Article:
have relied most heavily on new government programs to bolster
Oh-h-h. After that, Connolly returned to her principal mission,
thrashing those big-spending Dems.
We thought we'd seen it all from Connolly, but her capacity
for invention seems endless. Go back and reread paragraph one
of her pieceit applies to Bush as well (see below). The page
one headline, and the A6 headline, also apply to The Dub. And
why are Gore and Bradley subjected to a scolding piece, which
seeks to demonstrate that they can't meet a budget? Because, we're
told in a tiny aside, their use of the projected surplus is achieved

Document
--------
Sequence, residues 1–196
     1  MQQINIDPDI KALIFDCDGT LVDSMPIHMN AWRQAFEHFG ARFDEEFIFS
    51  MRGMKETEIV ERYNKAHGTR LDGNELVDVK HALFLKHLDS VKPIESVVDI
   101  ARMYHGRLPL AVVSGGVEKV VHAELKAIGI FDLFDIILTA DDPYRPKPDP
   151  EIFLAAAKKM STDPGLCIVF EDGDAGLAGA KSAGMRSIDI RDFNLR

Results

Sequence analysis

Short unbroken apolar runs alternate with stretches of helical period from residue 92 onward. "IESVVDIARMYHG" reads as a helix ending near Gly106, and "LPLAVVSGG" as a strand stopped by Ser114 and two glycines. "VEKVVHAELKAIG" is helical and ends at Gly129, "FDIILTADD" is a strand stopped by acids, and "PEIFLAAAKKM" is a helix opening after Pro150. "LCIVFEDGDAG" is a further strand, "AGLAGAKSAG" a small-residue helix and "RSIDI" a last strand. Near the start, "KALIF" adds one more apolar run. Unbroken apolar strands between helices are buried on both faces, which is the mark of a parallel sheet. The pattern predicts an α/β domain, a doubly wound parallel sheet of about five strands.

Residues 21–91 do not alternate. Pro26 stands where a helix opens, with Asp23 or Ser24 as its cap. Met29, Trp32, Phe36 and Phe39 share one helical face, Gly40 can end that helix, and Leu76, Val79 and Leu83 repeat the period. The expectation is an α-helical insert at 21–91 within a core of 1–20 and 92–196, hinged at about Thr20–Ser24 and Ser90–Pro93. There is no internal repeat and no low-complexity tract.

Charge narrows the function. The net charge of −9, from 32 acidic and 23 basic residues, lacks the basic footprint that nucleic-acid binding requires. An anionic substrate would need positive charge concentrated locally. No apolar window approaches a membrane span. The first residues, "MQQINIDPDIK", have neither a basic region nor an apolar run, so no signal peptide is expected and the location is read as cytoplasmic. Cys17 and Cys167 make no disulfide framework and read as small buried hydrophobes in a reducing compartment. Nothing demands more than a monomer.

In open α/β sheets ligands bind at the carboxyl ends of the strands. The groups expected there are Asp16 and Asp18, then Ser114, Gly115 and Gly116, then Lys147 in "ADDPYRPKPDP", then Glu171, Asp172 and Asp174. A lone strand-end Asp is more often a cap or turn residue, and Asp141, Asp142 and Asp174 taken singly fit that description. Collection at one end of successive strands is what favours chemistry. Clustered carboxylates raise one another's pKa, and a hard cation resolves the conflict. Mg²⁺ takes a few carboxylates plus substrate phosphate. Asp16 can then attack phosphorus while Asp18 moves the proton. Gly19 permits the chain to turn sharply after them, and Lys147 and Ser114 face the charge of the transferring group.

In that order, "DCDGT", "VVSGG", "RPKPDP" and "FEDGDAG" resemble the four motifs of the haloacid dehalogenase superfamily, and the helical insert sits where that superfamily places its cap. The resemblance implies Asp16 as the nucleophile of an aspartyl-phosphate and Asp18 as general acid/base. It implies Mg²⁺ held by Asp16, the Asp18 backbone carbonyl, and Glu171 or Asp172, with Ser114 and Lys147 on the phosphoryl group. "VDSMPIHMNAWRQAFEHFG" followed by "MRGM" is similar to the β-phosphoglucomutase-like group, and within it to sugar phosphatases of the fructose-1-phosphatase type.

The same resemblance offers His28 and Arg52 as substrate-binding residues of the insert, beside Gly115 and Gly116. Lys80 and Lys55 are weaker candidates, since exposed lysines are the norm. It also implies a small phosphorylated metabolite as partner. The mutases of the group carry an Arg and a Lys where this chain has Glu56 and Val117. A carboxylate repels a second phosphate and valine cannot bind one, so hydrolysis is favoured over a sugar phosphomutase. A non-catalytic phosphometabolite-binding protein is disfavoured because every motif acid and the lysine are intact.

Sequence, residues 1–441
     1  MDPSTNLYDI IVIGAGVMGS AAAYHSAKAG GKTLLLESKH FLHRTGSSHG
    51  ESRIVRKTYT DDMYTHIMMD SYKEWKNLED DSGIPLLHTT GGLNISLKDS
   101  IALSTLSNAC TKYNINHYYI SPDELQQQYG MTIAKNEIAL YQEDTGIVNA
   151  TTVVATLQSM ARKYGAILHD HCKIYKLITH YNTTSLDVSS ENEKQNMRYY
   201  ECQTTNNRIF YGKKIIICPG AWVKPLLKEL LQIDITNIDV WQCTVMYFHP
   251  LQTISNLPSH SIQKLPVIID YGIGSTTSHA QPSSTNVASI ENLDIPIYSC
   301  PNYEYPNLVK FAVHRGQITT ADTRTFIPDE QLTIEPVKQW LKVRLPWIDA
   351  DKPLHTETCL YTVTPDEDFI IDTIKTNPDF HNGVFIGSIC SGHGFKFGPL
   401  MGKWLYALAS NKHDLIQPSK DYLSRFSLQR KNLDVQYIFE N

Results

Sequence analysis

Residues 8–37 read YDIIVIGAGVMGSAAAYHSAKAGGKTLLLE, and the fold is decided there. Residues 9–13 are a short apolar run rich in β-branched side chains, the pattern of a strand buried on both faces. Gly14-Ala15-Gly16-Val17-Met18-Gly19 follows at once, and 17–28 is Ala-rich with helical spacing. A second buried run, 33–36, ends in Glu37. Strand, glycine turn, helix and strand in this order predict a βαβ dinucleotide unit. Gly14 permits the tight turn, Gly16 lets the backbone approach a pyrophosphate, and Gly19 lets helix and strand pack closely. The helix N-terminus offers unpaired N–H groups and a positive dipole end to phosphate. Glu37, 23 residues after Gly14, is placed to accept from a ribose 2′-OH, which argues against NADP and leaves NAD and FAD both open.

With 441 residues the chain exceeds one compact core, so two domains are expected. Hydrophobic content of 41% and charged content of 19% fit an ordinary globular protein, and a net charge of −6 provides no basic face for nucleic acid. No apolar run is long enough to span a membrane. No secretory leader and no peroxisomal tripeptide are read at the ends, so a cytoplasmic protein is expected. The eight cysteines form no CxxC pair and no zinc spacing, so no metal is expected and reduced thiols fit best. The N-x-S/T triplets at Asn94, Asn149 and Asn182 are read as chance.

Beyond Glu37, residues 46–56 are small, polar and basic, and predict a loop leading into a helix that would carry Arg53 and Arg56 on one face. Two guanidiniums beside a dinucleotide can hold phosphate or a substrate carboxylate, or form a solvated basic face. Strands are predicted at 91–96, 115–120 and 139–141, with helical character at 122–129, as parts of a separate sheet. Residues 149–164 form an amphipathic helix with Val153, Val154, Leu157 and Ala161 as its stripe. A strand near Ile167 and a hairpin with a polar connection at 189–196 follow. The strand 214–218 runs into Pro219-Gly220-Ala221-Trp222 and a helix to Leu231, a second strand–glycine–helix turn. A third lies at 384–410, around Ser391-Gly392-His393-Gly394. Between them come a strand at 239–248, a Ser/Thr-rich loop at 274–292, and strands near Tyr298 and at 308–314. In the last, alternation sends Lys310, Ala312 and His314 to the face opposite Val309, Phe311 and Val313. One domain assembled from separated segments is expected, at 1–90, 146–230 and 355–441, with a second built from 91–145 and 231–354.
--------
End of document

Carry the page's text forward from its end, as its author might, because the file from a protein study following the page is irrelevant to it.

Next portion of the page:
primarily through "new government programs." Bush's
use of the projected surplus can be described in a different way.
On the basis of this tiny dodge, a bit of page one propaganda
Go back over the basics, folks. Page one headline: "Gore,
Bradley plans projected to erase surplus." Also true of Bush's
plans. Inside headline: "Gore, Bradley campaign promises
would exhaust budget surplus." Also true of Bush. First
paragraph: Gore and Bradley "have already made campaign
promises that would spend every penny of the available federal
surplus." True of Bush as well. Everything asserted of Bradley
and Gore is also true of Gov. Bush. But readers are told that
(barely) in a passing comment, while Gore and Bradley are thrashed
throughout, in language that is directly drawn from GOP big-spending
boilerplate of the 1980s.
By the way, as the editorial page of Connolly's paper has pointed
out, that $1 trillion surplus almost surely doesn't exist; it's